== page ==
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Purina Active Senior 7 Plus Suits My Older Dog

Reviewing: Purina Active Senior 7+ Dry Dog Food  |  Rating:
Joan Young By Joan Young on
Badge: Editor | Level: 34 | Pets Expertise:
Purina Active Senior 7+ Dog Food

The “rule” at our house has always been- when times are tough and we eat generic, the dog does too. That didn’t work out so well with this dog, and I decided to try Purina Active Senior 7+ dog chow.

Much to my amazement time has passed so quickly, and Maggie the Vizsla is now 13 years old. She’s in very good health, and that’s a bit amazing itself. She was the only puppy from her litter to survive. They were all very ill when brought to the Humane Society as tiny puppies. The family that adopted her (friends of mine) spent a small fortune to save her from double pneumonia. Just over a year later, Maggie came to live with me. I suspected that she had a bad hip, and paid for an X-ray. Sure enough, one of her hips was about as bad as it could be without being actually dislocated. She also was very nervous riding in a car, and would throw up after just a couple of miles.

The vet told me in no uncertain terms that her hip would not allow her to be a backpacking dog- to go with me on long hikes where she would also carry a pack. That was ok, but I was convinced that regular day hikes would improve her muscle tone and be good for that hip. Time has pretty much proved me right, and she got better at the car riding. (We can now go 35-40 miles before nausea wins out.)

This is all to say that I never really suspected that Maggie would make it to this age and be in such good health that she goes on hikes of 7 to 10 miles and comes home only tired, no more stiff and sore than I do. So here I am with an aging dog...

Last summer, we did switch from regular Purina Dog Chow to generic food for her. The price of dog food was just a killer and we were eating off the discount table, buying dented cans and scrounging leftovers from friends. About the same time I noticed something that I did not, at first, connect with the food.

She began pooping five or six times a day. Sorry, to be so graphic, but it’s pertinent. The feces was very light in color and “airy, ” like a cheese puff. I hate to confess that it took me a couple of bags of food to make the connection with this and the cheap dog food. Obviously, she wasn’t processing and using much of what was going into her system.

One day at the store, the Purina Active Senior 7+ food was on sale, so I bought a bag. Maggie loved it! (Of course, she loves food pretty much no matter what!). But, I noticed immediately that her bowel movements became normal again.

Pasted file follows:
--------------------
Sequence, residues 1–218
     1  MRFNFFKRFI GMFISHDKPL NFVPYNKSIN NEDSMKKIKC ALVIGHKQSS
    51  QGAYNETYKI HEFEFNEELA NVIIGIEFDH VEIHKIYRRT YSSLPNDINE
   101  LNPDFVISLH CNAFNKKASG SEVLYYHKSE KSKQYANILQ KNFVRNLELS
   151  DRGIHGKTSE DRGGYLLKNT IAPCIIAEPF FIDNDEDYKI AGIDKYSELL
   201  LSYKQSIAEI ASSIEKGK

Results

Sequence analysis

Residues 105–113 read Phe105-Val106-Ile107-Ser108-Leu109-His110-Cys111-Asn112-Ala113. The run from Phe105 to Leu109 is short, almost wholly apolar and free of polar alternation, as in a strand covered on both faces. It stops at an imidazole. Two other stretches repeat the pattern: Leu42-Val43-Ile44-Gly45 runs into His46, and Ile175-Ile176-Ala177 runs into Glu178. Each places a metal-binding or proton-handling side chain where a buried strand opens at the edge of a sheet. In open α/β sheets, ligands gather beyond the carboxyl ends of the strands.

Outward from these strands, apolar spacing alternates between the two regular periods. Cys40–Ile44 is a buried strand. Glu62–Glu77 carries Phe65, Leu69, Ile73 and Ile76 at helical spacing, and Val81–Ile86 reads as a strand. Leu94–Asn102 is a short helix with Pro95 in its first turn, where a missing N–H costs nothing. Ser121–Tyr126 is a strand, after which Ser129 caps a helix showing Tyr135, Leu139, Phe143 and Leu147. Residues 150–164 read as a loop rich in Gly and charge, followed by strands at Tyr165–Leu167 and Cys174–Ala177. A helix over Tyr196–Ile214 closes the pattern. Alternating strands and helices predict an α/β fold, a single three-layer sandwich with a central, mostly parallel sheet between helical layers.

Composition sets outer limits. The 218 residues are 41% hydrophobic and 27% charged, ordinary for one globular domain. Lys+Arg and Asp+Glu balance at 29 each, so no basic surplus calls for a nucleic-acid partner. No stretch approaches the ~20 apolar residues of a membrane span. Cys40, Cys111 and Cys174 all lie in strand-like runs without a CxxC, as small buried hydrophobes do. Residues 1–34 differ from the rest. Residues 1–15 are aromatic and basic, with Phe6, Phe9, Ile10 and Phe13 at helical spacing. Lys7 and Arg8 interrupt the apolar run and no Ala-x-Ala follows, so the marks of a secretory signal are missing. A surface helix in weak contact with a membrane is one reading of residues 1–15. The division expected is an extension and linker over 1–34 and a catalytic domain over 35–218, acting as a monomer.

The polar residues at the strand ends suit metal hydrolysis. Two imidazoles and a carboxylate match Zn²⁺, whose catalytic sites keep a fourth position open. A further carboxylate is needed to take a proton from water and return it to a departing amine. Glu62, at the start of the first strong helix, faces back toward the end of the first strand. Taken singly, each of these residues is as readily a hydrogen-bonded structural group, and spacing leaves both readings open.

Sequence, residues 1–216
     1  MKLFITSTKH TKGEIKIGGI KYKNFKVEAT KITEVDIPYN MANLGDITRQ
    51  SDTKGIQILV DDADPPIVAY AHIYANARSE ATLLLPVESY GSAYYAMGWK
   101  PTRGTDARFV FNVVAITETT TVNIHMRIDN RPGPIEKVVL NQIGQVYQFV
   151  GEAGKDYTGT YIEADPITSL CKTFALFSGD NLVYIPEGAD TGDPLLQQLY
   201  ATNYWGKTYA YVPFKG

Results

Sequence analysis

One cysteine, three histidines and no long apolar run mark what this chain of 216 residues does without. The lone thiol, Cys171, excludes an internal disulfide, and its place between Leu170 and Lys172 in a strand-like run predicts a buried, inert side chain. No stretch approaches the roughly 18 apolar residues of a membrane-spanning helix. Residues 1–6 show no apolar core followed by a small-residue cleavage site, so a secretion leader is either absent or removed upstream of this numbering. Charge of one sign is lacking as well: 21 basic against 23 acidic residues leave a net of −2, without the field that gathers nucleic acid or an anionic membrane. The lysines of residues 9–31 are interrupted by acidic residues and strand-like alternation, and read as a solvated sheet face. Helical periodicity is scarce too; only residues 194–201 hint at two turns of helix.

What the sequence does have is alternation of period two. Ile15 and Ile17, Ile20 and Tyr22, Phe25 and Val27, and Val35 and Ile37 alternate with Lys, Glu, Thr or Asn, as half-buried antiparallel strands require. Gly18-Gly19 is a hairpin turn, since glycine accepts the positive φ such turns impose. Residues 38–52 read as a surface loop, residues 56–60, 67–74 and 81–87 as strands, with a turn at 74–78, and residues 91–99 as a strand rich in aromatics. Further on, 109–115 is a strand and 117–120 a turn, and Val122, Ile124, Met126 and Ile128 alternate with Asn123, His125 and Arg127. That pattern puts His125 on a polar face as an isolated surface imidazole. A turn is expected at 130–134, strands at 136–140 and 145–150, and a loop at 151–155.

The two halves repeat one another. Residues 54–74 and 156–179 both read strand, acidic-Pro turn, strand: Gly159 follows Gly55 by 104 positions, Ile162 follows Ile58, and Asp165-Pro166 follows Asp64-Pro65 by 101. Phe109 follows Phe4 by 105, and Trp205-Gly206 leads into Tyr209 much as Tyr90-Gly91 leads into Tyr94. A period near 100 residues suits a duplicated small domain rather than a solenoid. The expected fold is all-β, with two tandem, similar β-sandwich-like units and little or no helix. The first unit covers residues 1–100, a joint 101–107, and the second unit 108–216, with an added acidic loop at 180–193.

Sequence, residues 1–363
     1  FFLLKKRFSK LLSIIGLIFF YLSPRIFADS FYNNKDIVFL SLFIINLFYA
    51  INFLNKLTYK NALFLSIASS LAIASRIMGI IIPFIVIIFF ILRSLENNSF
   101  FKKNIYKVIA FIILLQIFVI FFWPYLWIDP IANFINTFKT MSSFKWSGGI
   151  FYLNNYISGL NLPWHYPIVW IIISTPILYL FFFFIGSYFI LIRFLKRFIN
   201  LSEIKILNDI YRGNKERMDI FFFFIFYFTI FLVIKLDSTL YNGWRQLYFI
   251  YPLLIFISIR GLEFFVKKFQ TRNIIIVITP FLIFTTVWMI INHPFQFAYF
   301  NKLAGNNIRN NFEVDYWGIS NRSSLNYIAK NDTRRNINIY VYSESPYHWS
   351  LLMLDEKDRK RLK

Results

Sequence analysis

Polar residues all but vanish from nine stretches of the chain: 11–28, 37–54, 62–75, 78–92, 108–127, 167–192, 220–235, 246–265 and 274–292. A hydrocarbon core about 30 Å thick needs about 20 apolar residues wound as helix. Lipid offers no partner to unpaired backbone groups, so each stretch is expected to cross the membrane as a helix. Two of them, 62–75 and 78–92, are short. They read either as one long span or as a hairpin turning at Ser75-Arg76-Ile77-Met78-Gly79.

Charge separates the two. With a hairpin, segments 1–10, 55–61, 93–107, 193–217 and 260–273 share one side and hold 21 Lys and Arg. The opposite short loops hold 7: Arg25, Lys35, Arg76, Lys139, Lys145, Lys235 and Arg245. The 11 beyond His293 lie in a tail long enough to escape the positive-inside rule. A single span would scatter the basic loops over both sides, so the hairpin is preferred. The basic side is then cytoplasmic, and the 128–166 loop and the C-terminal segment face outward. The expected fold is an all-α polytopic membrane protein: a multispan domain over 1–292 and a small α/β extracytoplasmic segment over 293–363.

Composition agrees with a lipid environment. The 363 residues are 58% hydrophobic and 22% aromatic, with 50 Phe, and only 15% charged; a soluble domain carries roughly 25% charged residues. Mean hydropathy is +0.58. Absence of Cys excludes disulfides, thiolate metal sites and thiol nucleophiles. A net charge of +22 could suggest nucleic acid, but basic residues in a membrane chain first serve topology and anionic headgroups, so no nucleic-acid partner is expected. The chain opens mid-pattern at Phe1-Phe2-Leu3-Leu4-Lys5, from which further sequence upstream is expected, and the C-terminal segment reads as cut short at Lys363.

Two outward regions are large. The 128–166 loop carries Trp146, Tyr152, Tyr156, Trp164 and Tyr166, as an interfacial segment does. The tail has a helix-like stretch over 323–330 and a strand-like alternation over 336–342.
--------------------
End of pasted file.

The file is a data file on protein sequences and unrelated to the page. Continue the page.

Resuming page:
I’ve been buying this food ever since, and it seems to agree with her very well. Since the nutrition is better, I can feed her a little bit less each day, than I did of the generic brand. I’ve looked back at my expenses, and here’s how the price compares. A 22-pound bag of the generic dog food was selling for $8 -$10. A 17-pound bag of the Purina is $10-12. They seem to last the exact same amount of time, which is 5-6 weeks. So, over a year, I will be spending maybe $20 extra dollars on dog food. This seems like a reasonable amount given the clear superiority of the product to the generic food.

For those people who don’t like processed dog foods, this one won’t make you happy either. The primary ingredient is corn, followed by wheat. Third is meat and bone meal, then soybeans. Crude protein is 26%, fat at 8% and fiber is 7%.

As to being formulated for senior dogs it claims to have high protein, antioxidants and extra vitamins C and E, as well as 26 vitamins and minerals.

I was surprised to read just now that you aren’t supposed to just switch over abruptly to this food, but gradually increase the proportion of new food until the full change is made. I suppose that would be a good idea with any new dog food.

What does Maggie think? She always gets excited when I bring home a new bag of dog food. The smell must be quite powerful even though it comes in a foil-lined bag. I think she’s been acting even more hyper over this brand of food. She really likes it!

The kibbles are fairly small, but not tiny. They are semi-soft when fresh, but do dry out a bit over the month even though I keep the food in a fairly well sealed bin. I think any size dog could easily eat these. There are four colors- brown, tan, red, and green. Maggie doesn’t seem to prefer one over another, so I suspect the colors are just for the people to enjoy. I like the size, because I can give her a few out of hand as a treat. She doesn’t seem offended that they are just her regular food, served up in a small quantity!

Except for the digestibility, as noted above, I really can’t give any scientific proof that this food is really good for Maggie. But she is certainly an active senior dog; I know several dogs her age who are really struggling compared to her. I will continue to feed Purina Active Senior 7+ to my dog.